News & tips on health, fitness and nutrition

Tuesday, September 22, 2009

Quitting Still Benefits Longtime Smokers

Studies have shown all kinds of health benefits from quitting smoking. But do those studies apply to longtime smokers? Can people diminish the effects of decades of smoking?

Research suggests that the answer is yes. Even people who have smoked for decades are seeing improvements in their health after they quit. Plus, there are the countless other benefits of quitting—from easier breathing when exercising to protecting others from secondhand smoke.

It Pays to Quit
Researchers followed men who quit smoking around age 64. What did they find? Even after an average of 43 years of smoking, these men were able to reduce their risk of death from cancer, heart disease, and other problems.

In another study, a 68-year-old man who has smoked two packs a day for 50 years and continues to smoke has a 1 in 7 chance of developing lung cancer in the next 10 years. His risk immediately drops to 1 in 9 if he quits smoking.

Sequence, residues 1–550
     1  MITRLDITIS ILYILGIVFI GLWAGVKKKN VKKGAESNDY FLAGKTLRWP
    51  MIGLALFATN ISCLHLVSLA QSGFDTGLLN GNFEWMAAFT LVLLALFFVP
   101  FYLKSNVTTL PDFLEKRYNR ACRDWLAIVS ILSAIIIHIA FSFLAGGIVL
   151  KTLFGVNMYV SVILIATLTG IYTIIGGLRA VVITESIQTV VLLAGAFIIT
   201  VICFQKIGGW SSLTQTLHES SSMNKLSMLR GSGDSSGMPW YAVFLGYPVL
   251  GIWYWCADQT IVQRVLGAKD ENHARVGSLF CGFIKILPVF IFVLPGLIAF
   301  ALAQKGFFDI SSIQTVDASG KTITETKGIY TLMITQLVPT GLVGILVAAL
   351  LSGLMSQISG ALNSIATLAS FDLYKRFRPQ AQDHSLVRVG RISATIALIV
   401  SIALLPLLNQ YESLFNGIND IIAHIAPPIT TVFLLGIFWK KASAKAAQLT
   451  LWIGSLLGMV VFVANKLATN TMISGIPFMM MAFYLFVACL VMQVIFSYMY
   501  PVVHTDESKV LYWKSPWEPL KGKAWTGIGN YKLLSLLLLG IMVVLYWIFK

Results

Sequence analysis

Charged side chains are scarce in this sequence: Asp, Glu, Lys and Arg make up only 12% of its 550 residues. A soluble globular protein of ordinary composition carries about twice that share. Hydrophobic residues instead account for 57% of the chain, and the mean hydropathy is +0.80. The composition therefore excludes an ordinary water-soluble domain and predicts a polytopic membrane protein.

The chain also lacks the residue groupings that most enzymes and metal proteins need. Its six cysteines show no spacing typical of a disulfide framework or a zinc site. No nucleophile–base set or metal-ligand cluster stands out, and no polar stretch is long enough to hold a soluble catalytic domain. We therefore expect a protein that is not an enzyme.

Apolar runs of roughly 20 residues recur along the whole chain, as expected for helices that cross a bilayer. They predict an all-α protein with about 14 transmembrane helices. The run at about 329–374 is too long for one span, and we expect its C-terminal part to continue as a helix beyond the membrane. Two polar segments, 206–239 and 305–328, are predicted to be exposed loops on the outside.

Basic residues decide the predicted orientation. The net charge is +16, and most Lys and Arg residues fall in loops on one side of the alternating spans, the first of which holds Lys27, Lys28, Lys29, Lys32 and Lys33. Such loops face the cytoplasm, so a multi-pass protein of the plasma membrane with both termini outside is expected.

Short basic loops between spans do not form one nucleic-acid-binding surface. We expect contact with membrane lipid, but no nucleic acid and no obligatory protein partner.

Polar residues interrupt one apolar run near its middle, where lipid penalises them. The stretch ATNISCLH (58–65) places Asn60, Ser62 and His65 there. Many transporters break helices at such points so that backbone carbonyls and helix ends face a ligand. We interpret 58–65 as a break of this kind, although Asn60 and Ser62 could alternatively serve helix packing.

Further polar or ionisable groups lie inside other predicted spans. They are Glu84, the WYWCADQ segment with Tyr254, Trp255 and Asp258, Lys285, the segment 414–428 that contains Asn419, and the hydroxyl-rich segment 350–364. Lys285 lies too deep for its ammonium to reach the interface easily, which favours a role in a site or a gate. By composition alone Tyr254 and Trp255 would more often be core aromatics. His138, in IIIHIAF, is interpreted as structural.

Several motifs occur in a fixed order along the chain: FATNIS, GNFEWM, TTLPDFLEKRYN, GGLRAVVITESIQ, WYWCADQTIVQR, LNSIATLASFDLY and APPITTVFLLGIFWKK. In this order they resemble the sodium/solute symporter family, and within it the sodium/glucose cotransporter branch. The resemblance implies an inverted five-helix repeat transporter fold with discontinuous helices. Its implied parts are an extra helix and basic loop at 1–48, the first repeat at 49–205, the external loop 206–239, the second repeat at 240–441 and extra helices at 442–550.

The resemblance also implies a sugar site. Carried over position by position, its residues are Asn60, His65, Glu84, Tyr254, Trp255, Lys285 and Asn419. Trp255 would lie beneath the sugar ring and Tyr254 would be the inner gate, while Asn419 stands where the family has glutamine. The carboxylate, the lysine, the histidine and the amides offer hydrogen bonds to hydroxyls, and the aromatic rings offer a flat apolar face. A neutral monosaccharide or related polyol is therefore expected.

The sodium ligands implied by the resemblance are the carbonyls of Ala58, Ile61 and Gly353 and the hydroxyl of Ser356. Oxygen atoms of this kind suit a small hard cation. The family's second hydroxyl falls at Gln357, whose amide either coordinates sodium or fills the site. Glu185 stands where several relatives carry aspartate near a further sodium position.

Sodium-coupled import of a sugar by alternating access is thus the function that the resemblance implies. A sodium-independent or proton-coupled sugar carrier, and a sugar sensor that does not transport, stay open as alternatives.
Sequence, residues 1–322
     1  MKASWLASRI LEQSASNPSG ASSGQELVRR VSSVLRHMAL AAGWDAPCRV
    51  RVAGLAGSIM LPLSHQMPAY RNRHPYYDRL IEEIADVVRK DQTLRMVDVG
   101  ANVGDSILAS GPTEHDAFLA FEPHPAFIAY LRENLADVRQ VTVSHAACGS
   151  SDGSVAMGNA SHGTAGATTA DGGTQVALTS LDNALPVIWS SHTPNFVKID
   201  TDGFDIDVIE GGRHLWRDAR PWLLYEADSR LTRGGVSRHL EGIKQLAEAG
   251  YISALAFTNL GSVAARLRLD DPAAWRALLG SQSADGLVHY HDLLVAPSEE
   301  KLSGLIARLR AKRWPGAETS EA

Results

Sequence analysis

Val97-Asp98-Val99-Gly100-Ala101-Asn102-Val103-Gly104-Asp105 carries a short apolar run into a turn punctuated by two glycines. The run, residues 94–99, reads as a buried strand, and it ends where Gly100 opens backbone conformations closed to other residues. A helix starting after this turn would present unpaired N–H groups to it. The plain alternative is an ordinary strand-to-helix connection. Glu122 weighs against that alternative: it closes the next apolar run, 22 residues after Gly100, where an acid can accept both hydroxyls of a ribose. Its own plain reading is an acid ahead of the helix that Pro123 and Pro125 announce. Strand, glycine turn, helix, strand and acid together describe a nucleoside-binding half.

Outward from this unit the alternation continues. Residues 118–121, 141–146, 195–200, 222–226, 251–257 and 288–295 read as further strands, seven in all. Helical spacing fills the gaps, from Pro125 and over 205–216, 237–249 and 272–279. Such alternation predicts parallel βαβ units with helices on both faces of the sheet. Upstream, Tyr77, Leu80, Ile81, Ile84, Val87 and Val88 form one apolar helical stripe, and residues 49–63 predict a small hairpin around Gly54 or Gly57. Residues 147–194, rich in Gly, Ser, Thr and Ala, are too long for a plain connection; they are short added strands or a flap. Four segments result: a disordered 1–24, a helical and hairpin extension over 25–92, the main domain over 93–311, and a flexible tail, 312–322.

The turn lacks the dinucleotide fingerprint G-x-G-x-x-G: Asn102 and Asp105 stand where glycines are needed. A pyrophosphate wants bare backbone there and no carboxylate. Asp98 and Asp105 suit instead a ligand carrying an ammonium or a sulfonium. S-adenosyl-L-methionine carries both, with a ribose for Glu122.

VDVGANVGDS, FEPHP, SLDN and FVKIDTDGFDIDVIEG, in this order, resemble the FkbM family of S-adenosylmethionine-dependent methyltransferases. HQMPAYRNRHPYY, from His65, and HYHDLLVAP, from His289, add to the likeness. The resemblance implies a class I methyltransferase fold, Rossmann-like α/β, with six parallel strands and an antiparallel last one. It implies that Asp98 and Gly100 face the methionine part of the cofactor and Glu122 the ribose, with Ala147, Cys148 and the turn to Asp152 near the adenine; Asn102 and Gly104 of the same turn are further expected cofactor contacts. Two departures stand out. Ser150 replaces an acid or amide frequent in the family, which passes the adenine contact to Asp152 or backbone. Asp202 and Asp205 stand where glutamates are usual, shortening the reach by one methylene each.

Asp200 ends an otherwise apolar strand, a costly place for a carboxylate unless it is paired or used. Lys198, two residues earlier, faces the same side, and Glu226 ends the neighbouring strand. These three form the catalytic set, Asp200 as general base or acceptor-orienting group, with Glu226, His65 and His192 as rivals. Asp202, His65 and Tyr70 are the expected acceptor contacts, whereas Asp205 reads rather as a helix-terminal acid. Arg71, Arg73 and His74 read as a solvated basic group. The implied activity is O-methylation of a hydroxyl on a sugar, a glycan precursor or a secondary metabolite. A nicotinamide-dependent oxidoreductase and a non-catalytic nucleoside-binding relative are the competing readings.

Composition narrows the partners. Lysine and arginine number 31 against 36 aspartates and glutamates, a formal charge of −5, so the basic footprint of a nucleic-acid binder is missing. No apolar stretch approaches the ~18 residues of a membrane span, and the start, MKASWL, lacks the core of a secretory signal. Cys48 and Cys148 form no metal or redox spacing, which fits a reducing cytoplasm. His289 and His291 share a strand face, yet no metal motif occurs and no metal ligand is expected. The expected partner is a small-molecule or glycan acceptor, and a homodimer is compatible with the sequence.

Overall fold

Approaches That Work
Smoking is a difficult habit and addiction to end. If you are among the thousands of smokers who long to quit, you may want to ask your doctor about the best approach for you. She may suggest one or all of the following ways:

1. Set a quit date within the next month.

2. Consider using a nicotine substitute to ease cravings, such as the patch, gum, or lozenge. Some types of nicotine substitutes, such as nicotine sprays and inhalers, can be prescribed by your doctor. A prescription antidepressant also can help tame your urge for nicotine.

3. Change your habits to help you deal with withdrawal. For example, if the taste of coffee triggers your urge to light up, switch to water or juice, instead.

4. Stop-smoking programs and exercise can help people change their smoking habits. In one study, regular exercise combined with counseling helped women stay off smokes.

5. Ask for support from your family and friends.

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